The Journal of Lynton Charles, Fiduciary Secretary to the Treasury

Friday The Villa Recta Digitale, near Volterra

I am on the pavement, outside a cafe, sipping espresso and reading the English newspapers. The sun slants across the old town hall, picking out the coats of arms. Backpackers and older tourists in white, floppy hats sit on the steps reading guidebooks or resting their purchases of the local alabaster on their knees. This could be any moment in the past century.

Far away, in the land I help to rule, we are up in the polls again. The free fall that began with the Dome and the NHS flu crisis has stopped. The papers and the BBC are tired of the "Blair in trouble" stories: just how many dustbins full of panicky memos by people like me can the public be interested in? In any case, many voters already suspect that we steal all their taxes and murder babies at midnight. To discover that we spend our time worrying too much what the electorate thinks is not, in their eyes, the worst sin a politician can commit.

Even so, here in the shadow of antiquity and permanence, you do wonder exactly what it's all for. I know we're lavishing all this dosh on vital services, and we're doing sterling work in getting the balance right between public and private, and we're solving problems and all that. But I didn't think, when I was young, that my mission in life would be in getting balances right. You can't put "Right Balances, In, In, In" on a placard. Even if, in reality, it's the best that can be done.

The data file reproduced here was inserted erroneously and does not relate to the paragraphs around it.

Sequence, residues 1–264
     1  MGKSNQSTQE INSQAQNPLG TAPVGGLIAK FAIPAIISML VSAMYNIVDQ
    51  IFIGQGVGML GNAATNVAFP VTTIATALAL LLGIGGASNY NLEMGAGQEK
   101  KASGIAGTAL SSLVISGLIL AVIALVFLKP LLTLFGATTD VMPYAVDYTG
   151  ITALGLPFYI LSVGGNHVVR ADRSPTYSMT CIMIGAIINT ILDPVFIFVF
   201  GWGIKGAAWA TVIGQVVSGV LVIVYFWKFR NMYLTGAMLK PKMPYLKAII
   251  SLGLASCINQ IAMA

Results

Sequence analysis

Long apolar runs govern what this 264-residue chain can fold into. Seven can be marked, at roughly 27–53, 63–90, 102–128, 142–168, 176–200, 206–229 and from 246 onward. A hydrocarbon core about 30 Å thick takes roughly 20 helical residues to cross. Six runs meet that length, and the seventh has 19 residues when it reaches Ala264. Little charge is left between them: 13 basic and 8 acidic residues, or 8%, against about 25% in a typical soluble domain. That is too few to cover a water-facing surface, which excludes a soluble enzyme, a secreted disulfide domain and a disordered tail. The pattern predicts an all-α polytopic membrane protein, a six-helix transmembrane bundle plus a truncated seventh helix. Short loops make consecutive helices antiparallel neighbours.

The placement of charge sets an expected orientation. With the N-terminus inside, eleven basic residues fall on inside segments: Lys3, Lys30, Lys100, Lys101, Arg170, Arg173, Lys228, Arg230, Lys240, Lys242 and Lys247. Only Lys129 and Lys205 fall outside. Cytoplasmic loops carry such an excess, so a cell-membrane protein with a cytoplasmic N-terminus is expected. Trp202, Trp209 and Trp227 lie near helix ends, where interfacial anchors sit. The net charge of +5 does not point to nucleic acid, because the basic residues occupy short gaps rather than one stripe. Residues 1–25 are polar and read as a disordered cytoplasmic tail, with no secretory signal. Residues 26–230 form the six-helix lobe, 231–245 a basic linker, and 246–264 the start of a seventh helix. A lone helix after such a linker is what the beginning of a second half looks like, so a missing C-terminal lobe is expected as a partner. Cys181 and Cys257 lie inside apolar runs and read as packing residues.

So how does The Master cope, given that he is a religious bloke, and keen on the sense of history, destiny and all that? Cherie must help. She has a kind of certainty about her that is reassuring. On the few occasions that I have met her, she has impressed me. But I am a man for pregnant women and new mothers, and - I must confess - since the news of her pregnancy with Leo, I have found myself troubled with dreams in which Cherie comes to me, undresses, and discusses the European Charter of Human Rights in a soft, passionate voice until dawn.

So different from my own Cheryl, beet-red and harrumphing through the latest Pilger collection, while the bambini riot over gelati and Cokes. So secular.

Sunday Outside the church of Santa Maria e Angeli, Mirabira, Tuscany

Home tomorrow. I sit on the steps in the shade of this Romanesque glory, and wonder whether I haven't found The Answer. Just minutes ago, I found myself at the back of a small congregation of worshippers, listening to a service I didn't understand. No, that's not right. I didn't understand the language - I did understand the service.

As the priest spoke and the people prayed, I looked around at the pious pictures on the walls - the saints and martyrs - and felt a sense of continuity. Could it be that I have been looking for too much out of politics alone? Is it possible that my brief flirtation with the Anglican church back in 1996-97 failed because it was the wrong institution at the wrong time? And was what I was now feeling not possibly some kind of call? And was this - just conceivably - the call that The Master and Cherie had also heard?

The choice of Joe Lieberman as Al Gore's running-mate in the States suggests that left-of-centre politics does not rule out a spiritual dimension. And something is definitely happening to me. I look at the sky and feel tears in my eyes. A hand rests gently on my shoulder and I look up into the brown eyes of a young monk. "My son," he says in soft, accented English, "I notice you. You have need. Perhaps we talk?" Perhaps we do. Perhaps we do.

This article first appeared in the 04 September 2000 issue of the New Statesman, The New Statesman Essay - Cheated of their vodka and cake